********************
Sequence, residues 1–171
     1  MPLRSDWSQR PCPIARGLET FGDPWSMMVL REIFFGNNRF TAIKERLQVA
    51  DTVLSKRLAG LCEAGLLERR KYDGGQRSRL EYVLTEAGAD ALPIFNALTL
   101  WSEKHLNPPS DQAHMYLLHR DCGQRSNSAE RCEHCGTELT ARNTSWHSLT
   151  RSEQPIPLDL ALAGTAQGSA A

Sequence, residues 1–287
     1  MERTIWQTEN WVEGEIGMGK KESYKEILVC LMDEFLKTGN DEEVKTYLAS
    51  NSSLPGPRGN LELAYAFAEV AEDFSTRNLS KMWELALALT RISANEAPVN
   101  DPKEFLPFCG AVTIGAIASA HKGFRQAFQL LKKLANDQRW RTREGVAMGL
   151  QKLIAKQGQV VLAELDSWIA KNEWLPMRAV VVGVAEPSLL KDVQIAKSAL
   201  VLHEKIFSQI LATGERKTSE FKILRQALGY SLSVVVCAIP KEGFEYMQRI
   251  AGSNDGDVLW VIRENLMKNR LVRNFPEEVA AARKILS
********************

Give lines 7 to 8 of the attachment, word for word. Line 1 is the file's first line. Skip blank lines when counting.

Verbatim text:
     1  MERTIWQTEN WVEGEIGMGK KESYKEILVC LMDEFLKTGN DEEVKTYLAS
    51  NSSLPGPRGN LELAYAFAEV AEDFSTRNLS KMWELALALT RISANEAPVN